The number of COVID-19 per-day infection cases shot up to 800 last week, hovering around 700 or more throughout the weekend. The overseas inflow cases hit the all-time high in a year, and the number of infection cases on Sunday was the biggest ever in half a year. The country is in effect faced with the fourth wave of the pandemic, owing to the increasing possibility of the spread of the Delta variant known to be much more contagious compared to other existing variants.
The fast-spreading Delta variant has been detected in 100 countries around the world so far. This means there is a growing possibility that the variant might find its way into South Korea through foreign visitors. According to the Central Disaster Management Headquarters, the rate of the Delta variant in the country, which stood at less than 1% two months earlier, has jumped to 7% now. Under the current test system, it takes almost a week to verify the infection of the variant. Old data should not be used in drawing up quarantine strategies; a swift test system needs to be implemented.
With the Delta variants sweeping across the globe, the World Health Organization is recommending even those vaccinated to wear a mask when indoors. But in South Korea, the vigilance against the coronavirus is getting lax quickly on the back of growing quarantine fatigue. In fact, many are having loud conversations without a mask not only outside, but on a bus or inside a busy subway. Israel, the United States and other highly vaccinated countries are switching back on quarantine mode to fight the Delta variant. It is never the time to let down the guard for South Korea, a country whose vaccination rate only hovers around 30%.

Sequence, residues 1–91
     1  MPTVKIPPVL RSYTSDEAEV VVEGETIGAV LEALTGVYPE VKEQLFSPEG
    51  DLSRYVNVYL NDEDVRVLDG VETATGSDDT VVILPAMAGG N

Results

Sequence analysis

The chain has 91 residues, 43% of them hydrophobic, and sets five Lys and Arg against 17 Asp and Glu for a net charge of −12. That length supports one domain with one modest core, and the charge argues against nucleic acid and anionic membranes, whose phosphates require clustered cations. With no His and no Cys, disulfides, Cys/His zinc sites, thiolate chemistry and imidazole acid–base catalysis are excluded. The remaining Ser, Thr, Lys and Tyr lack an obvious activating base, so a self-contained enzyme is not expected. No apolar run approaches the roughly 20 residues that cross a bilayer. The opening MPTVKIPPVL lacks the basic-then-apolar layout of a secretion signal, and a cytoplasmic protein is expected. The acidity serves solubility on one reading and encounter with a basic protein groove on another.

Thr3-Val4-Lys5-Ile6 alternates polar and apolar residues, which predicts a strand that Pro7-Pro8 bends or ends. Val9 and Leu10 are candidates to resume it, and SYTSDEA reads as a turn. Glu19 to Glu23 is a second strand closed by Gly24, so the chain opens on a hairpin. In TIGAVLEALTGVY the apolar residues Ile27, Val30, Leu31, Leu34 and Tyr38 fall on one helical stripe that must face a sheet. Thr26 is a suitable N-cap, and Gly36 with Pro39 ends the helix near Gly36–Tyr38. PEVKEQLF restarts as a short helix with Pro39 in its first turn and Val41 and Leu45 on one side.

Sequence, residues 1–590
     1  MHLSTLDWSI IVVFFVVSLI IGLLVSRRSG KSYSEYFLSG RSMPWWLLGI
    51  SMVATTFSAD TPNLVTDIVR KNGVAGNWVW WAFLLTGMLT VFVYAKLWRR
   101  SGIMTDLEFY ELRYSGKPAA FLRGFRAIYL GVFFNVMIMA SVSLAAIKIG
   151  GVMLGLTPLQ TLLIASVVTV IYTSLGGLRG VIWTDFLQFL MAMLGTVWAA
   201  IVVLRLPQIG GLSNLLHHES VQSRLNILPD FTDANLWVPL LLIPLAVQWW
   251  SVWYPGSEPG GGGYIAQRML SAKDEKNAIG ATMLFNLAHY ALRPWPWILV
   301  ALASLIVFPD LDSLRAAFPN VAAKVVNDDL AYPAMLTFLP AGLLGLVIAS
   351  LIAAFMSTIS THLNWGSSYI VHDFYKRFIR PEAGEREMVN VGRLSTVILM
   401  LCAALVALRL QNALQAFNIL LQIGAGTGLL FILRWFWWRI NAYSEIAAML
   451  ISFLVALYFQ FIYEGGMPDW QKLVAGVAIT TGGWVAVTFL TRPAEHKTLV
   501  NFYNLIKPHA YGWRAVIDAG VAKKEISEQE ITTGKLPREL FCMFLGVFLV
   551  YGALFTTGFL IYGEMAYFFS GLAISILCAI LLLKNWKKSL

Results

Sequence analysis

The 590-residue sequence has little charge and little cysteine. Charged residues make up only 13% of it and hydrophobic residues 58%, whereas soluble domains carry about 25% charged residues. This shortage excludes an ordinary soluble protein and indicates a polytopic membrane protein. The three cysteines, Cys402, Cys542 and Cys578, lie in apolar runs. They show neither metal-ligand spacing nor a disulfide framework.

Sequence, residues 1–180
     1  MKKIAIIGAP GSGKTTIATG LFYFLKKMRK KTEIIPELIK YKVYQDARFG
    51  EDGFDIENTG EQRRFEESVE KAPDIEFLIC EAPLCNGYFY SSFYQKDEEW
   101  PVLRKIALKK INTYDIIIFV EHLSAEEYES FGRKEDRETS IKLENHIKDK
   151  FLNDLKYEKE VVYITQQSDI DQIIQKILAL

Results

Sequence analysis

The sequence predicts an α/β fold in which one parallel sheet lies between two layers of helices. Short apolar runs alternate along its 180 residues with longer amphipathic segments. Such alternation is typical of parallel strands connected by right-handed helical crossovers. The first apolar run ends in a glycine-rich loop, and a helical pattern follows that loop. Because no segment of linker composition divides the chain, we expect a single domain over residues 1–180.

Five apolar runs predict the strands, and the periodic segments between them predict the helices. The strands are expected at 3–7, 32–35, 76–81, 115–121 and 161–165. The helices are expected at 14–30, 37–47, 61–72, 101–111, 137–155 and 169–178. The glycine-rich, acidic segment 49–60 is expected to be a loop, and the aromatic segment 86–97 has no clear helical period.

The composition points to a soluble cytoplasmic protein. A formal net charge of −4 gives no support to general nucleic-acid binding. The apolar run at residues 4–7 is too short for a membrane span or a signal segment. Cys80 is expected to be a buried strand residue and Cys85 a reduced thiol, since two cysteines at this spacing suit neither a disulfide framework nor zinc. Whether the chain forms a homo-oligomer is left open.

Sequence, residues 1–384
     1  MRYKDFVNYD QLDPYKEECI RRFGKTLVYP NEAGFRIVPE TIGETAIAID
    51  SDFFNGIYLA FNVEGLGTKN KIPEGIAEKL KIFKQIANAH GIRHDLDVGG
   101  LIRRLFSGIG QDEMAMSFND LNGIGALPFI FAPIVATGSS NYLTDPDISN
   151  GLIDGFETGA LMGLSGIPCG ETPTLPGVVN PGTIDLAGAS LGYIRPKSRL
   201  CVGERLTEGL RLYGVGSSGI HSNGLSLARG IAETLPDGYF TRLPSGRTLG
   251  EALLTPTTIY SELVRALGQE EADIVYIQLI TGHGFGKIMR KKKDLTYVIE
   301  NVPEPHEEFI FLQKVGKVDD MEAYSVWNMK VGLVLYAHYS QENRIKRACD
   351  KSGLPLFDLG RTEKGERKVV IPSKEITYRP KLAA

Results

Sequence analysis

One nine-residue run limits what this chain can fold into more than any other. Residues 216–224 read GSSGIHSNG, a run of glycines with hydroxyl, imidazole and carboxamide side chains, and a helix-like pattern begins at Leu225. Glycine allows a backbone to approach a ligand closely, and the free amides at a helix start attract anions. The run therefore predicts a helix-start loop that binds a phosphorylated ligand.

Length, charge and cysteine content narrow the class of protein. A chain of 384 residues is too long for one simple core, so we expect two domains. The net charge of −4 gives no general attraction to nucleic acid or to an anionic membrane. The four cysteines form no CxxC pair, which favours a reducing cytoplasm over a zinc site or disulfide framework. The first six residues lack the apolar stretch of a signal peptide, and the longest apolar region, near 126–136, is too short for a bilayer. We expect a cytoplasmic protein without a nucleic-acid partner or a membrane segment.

The daily average of infection cases in the metropolitan areas over last week was 569, accounting over 80% of the entire tallies. Summer vacation is a critical phase; once the metropolitan districts are compromised, the entire country would break down. When it comes to easing the social distancing, lawmakers should never try to curry favor with the public opinion. The decision must be based on science and expert data, and necessary measures must be put in place even when they are painstaking. Now is not the time for us to ease social distancing. It is vital to get back to the basics of quarantine lest we should squander the collective effort we’ve made over one and a half years against COVID-19.